Belfast Telegraph

'We all come from a sports background... it's amazing how well Rory Best is performing'

Katy Best, commercial and marketing director of Belfast City Airport, talks to John Mulgrew about new owners, boosting sales, trying to find replacement airlines and the role sport plays in her family, which includes Ireland's current rugby captain

Despite a top-flight job in charge of much of the running of one of Northern Ireland’s biggest airports, Katy Best jokes she’s not the most famous of the Best family.

She’s been commercial and marketing director for Belfast City Airport for the last 10 years and in that time has helped grow its passenger numbers.

But while the airport is witnessing a growth in both turnover and profit, the volume of people passing through have taken a hit in the last few months.

That’s something the 38-year-old is hoping to improve upon at the Routes Europe conference, after losing two airlines and routes in the space of a year.

“We are hopeful of some quick wins on the back of the conference — it’s about establishing new relationships and showing those relationships,” she says.

Her job is a wide-ranging one. “I would say that I look after the business of the airport. That may involve putting together airline deals, promoting new routes, opening new shops or restaurants, along with our car park business, which is significant contributor to revenue. It’s that diversity that has kept me here this long.”

The airport dealt with just under 2.7 million passengers in 2016. Flybe now makes up 60% of the airline’s business, alongside flagship carriers British Airways and Aer Lingus, which, between them, fly nine times each day to London Heathrow. That alone accounts for around 700,000 passengers each year.

Belfast City also has some sun and city links, with KLM flying to Amsterdam and Icelandair to Reykjavik.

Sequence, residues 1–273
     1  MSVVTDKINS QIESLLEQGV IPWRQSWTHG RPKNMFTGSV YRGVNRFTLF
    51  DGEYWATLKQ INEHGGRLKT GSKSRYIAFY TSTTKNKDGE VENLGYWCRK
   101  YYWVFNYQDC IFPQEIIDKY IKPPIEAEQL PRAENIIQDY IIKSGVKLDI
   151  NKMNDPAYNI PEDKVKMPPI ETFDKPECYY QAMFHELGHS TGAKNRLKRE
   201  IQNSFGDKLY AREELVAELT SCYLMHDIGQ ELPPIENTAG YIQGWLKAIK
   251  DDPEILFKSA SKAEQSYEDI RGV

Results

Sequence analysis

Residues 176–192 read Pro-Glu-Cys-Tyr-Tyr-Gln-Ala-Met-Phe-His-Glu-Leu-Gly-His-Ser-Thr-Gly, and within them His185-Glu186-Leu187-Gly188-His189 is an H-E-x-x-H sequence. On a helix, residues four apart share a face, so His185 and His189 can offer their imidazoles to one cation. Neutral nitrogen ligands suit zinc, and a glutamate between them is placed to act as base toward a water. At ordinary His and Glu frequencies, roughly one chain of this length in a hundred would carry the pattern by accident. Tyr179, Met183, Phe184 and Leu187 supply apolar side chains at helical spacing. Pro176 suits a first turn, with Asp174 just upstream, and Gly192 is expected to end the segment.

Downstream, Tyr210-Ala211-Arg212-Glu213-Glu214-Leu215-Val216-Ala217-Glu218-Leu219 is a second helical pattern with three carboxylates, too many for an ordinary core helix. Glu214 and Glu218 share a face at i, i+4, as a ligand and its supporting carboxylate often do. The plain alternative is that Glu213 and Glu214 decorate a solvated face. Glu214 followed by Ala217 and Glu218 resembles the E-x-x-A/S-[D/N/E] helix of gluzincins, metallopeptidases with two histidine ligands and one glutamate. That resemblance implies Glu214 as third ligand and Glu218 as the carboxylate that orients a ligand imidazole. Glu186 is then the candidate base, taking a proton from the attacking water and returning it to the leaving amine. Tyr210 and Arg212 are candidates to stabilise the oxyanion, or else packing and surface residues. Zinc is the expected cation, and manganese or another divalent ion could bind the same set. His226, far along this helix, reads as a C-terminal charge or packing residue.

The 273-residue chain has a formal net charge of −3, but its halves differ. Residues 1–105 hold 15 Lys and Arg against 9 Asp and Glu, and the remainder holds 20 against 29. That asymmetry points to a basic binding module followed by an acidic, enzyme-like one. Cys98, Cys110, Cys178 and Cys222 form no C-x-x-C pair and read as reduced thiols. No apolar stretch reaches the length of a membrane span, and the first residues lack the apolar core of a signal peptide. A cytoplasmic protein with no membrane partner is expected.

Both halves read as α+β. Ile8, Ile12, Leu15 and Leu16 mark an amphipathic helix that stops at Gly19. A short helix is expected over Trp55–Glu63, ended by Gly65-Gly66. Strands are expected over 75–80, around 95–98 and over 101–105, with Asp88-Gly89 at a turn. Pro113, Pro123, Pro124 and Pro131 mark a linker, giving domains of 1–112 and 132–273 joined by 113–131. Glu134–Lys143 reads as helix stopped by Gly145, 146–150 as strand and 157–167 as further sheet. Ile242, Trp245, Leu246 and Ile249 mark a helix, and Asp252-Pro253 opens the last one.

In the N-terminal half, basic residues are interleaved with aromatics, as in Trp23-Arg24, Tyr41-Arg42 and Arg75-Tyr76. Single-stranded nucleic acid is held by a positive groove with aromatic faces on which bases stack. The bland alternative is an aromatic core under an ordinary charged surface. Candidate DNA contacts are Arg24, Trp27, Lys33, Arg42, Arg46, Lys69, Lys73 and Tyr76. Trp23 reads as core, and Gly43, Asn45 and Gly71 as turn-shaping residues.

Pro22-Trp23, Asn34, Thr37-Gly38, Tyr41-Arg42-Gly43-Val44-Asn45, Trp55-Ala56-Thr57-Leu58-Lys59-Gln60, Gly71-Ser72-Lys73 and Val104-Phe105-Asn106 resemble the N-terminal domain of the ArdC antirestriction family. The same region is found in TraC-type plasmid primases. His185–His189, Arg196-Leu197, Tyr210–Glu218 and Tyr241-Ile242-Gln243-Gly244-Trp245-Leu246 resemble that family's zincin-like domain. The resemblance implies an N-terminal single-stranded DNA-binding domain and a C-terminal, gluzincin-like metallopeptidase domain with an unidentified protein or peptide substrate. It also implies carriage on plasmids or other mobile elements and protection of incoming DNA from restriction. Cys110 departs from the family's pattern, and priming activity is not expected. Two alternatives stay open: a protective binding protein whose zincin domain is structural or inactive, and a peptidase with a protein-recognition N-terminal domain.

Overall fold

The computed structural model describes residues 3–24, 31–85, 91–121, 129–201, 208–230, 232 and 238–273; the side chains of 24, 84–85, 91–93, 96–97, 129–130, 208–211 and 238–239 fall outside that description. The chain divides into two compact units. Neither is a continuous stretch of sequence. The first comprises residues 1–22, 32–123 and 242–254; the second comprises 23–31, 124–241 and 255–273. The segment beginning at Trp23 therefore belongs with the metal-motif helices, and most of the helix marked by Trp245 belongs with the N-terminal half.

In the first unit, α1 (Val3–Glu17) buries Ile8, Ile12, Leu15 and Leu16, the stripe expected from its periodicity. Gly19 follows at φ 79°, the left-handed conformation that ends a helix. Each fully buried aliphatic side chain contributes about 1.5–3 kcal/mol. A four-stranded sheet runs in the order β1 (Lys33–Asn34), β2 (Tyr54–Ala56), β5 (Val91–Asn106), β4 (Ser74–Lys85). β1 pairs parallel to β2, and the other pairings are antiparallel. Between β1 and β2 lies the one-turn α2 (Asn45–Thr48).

Originally from Holywood, former Strathearn pupil Katy now lives in Poyntzpass, on the border between Armagh and Down, with her former Ireland rugby star husband Simon Best and their three young children — Jack (7), Sam (6) and Lucy (3).

“We are married 10 years this year, and we were together when Simon was playing,” she says. “You look back at the amazing opportunity in terms of travel, and the amazing experience that rugby brought to both of us. We still have very close friendships and networks across the world.

“With professional sport you never know how long it will last, and you just have to get every opportunity that comes with that. It’s been much more of a normal life for the period that we have been married.”

Husband Simon works on their farm and also has other business interests around the diversification of the farm and renewables.

Simon, a former Ireland captain, was forced to give up the game when a heart problem was detected at the 2007 World Cup.

Katy says brother-in-law Rory Best, who recently captained Ireland during the Six Nations, has “excelled himself” in the past year.

“To not only be performing at this point in his career, but performing better than he ever has, is phenomenal... we all get huge enjoyment out of what he is doing. He also couldn’t do it without his incredible wife Jodie,” she adds.

Katy began her career in sales and marketing in London, after studying commerce at the University of Edinburgh.

She then interned at a digital marketing agency in New York, before flying across the globe to start her time in the travel industry — working at experience and short breaks business RedBalloon in Sydney.

But she then returned home and set up her own business — Activity Breaks.

“It was 2002 to 2007. We turned over a million pounds within the second year of opening and when I left there was a team of about 20 people,” she says.